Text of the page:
At first glance after reading the decision a quo, it would seem that the closure of respondent's operation is not justified. However, a deeper examination of the records along with the evidence, would show that the closure, although it was done abruptly as there was no compliance with the 30-day prior notice requirement, said closure was not intended to circumvent the provisions of the Labor Code on termination of employment. The closure of operation by Complex on April 7, 1992 was not without valid reasons. Customers of respondent alarmed by the pending labor dispute and the imminent strike to be foisted by the union, as shown by their strike vote, directed respondent Complex to pull-out its equipment, machinery and materials to other safe bonded warehouse. Respondent being mere consignees of the equipment, machinery and materials were without any recourse but to oblige the customers' directive. The pull-out was effected on April 6, 1992. We can see here that Complex's action, standing alone, will not result in illegal closure that would cause the illegal dismissal of the complainant workers. Hence, the Labor Arbiter's conclusion that since there were only two (2) of respondent's customers who have expressed pull-out of business from respondent Complex while most of the customer's have not and, therefore, it is not justified to close operation cannot be upheld. The determination to cease operation is a prerogative of management that is usually not interfered with by the State as no employer can be required to continue operating at a loss simply to maintain the workers in employment. That would be taking of property without due process of law which the employer has the right to resist. (Columbia Development Corp. vs. Minister of Labor and Employment, 146 SCRA 42)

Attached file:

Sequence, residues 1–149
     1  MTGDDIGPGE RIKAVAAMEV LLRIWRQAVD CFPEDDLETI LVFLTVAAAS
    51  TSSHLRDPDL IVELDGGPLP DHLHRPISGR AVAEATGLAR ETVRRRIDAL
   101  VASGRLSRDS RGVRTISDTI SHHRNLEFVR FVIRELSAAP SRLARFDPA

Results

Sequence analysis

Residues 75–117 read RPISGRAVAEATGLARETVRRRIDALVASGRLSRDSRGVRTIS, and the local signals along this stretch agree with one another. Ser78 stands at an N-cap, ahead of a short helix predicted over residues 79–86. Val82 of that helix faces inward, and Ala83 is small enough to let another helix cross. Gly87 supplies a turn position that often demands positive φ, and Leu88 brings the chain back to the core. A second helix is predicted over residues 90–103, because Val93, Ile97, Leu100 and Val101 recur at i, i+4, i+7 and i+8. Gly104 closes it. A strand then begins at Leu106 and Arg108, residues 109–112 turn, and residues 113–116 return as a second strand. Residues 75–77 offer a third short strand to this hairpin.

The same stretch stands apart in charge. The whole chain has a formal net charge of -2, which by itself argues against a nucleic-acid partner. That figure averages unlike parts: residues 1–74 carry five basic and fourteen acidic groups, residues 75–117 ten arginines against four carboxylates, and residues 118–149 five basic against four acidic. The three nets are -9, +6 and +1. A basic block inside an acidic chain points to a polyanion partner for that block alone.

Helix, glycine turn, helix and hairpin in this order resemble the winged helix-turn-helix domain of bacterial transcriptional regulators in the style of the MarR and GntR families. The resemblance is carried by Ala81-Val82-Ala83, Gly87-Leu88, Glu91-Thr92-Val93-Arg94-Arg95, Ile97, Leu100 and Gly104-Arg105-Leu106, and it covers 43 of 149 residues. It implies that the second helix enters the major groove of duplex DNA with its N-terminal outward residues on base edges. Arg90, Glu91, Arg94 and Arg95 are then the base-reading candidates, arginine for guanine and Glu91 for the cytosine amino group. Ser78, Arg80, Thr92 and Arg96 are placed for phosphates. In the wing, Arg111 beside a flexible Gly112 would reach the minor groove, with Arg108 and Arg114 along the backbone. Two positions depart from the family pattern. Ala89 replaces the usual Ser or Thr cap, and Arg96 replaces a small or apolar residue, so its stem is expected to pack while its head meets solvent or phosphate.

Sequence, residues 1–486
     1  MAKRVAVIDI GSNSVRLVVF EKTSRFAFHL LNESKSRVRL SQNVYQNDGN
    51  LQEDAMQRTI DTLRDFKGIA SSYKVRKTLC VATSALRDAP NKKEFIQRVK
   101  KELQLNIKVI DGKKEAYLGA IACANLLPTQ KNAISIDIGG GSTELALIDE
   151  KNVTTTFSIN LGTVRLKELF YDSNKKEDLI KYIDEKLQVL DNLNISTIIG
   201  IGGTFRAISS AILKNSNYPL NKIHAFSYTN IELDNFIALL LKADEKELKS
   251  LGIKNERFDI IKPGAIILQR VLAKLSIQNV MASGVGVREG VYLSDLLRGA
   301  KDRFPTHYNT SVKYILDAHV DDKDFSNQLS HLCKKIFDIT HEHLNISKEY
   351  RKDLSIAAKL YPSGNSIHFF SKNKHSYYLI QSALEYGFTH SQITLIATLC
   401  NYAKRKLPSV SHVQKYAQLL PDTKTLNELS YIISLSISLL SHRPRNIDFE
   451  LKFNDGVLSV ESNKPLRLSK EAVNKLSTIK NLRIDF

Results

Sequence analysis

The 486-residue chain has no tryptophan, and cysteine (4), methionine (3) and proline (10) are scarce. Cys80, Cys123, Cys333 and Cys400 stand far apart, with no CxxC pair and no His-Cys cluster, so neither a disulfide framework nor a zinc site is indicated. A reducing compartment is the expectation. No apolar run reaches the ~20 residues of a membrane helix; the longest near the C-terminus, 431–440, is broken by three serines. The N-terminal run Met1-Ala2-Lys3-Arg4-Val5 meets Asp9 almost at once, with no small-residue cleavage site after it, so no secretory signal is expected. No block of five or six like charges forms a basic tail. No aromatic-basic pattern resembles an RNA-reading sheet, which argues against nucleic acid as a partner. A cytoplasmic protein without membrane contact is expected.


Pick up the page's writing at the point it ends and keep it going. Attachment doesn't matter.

As to the claim of petitioner Union that Complex was gaining profit, the financial statements for the years 1990, 1991 and 1992 issued by the auditing and accounting firm Sycip, Gorres and Velayo readily show that Complex was indeed continuously experiencing deficit and losses.[23] Nonetheless, whether or not Complex was incurring great losses, it is still one of the management's prerogative to close down its business as long as it is done in good faith. Thus, in Catatista et al., vs. NLRC and Victorias Milling Co., Inc.[24] we ruled: